Some may be surprised to read that VPNs (Virtual Private Networks) are actually prohibited in some countries. Although the number of countries that outright prohibit the use of VPNs is small, others strictly regulate the industry. Here are the list:
For years, the Belarusian government has worked to limit its citizens’ access to the outside Internet. It banned both Tor and VPN services in 2015, but it appears that Belarusians have found ways to get around the technological and legal barriers.
China may have gone the furthest in banning and blocking VPNs and Tor of any government. The Chinese government requires all VPNs to be licensed. Those who aren’t will have their accounts canceled if they’re in the country, or blocked if they’re situated elsewhere. China is one of the only governments in the world that has complete control over all local Internet service providers, and they employ deep packet inspection technology.
Iran attempted to prohibit access to VPNs based in other countries in 2013, allowing only VPN providers that were regulated and registered with the Iranian government to operate. While it is illegal to sell or promote VPNs, and persons can be prosecuted for using one, VPN use by citizens and even government personnel is still fairly prevalent.
In order to combat ISIS’ online presence, the Iraqi government has gone to extremes, prohibiting not only VPN services and social media, but also implementing nationwide Internet outages. Despite the fact that ISIS is no longer a threat, the country’s severe Internet prohibitions remain in place.
In 2010, Oman approved legislation prohibiting the use of VPN services. Anyone who breaks this law faces a fine of 500 rials (approximately $1,300). Companies can request for a permit to use a VPN that has been approved by the government. If a corporation is found to be infringing the law, it will be fined 1,000 rials.
Russia has taken a number of legal steps to restrict free speech and information access both within its borders and online. The Yarovaya Law was passed by the Russian Duma in 2016, requiring VPN services to register with the authorities and log their users’ internet activity. Another rule passed by the Duma in 2017 required licensed VPNs to block their users’ access to certain websites that the Russian government had banned. Those who did not comply were subjected to bans.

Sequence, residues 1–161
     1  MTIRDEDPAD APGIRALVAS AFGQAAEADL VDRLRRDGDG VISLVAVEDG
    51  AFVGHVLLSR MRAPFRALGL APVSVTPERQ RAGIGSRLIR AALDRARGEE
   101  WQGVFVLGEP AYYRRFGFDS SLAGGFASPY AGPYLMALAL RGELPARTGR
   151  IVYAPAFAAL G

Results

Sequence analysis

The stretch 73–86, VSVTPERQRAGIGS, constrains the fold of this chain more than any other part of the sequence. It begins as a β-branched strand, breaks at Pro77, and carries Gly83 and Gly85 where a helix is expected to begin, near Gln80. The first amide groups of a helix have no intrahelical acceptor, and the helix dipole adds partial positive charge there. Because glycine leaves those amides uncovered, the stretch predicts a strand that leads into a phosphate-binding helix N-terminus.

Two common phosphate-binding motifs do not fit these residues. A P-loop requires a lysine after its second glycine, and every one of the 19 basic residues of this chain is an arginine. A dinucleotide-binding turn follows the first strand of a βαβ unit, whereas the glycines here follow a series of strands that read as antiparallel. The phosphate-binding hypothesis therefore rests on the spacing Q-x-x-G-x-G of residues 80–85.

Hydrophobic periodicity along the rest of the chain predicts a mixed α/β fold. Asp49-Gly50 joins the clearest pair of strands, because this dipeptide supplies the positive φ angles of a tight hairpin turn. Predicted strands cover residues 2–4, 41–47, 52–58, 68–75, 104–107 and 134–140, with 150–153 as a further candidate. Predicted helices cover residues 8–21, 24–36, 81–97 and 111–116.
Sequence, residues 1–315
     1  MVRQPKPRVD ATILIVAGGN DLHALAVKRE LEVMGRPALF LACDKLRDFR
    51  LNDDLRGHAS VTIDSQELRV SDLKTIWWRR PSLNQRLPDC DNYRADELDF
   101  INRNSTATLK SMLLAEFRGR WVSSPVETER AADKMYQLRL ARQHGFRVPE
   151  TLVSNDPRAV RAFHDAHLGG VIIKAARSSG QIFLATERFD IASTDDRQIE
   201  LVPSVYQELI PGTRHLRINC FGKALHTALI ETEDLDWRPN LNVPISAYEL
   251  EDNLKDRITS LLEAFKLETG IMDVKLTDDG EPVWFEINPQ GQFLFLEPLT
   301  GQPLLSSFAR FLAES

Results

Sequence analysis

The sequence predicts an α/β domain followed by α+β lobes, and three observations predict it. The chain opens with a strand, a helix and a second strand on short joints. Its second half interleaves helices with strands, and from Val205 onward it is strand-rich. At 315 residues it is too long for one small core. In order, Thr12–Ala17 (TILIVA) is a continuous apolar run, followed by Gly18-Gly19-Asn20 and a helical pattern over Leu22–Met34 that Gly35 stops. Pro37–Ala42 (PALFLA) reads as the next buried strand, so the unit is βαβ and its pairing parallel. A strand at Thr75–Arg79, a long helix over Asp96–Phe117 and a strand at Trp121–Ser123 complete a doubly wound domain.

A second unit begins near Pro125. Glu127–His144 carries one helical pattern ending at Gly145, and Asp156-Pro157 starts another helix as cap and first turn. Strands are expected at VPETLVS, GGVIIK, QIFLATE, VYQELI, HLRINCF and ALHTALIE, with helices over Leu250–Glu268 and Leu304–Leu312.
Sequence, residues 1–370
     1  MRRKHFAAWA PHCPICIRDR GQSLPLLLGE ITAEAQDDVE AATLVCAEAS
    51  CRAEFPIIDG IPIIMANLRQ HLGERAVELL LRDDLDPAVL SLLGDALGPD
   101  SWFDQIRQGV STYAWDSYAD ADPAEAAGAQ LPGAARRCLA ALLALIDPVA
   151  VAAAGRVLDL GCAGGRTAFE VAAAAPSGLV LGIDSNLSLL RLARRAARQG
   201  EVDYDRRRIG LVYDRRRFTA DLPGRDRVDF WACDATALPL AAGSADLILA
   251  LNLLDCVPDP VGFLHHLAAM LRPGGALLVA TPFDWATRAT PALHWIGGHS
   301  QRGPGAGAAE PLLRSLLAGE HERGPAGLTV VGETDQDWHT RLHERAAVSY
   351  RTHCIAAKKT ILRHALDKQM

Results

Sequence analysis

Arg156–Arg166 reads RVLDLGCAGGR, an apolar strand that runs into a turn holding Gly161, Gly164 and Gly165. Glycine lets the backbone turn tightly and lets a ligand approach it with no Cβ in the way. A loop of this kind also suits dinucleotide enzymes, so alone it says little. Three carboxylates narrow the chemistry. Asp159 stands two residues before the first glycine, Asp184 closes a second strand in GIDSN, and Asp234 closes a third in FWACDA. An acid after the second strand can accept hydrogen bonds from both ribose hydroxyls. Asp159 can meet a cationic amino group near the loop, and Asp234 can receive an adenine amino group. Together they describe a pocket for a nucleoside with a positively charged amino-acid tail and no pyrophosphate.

In 2016, Erdogan’s regime began restricting VPN and Tor services. Turkey is now deploying deep packet inspection techniques to detect and block VPN and Tor traffic, similar to China. In Turkey, the rule of law has collapsed, and using a VPN connection can flag you as a person of interest to government enforcement. In Turkey, though, VPN use is extremely common.
Ugandans have increased their use of VPN services in response to the recently enacted social media tax. The Ugandan government retaliated by ordering that VPN services be blocked by local Internet service providers. In Uganda, there is presently no legislation prohibiting the use of VPNs, although this is changing.
United Arab Emirates
The UAE updated its rules in 2016, making the use of a VPN service to “commit a crime or prevent its detection” illegal by up to 2 million dirham ($540,000) in fines and temporary jail. While VPNs have their benefits, the UAE has explicitly banned VoIP conversations and a number of websites, including certain French TV stations and Netflix. It is against the law to use a VPN to access a restricted website.
Earlier this year, Venezuela’s major Internet service provider attempted, ostensibly on government orders, to prohibit the usage of Tor and VPN services.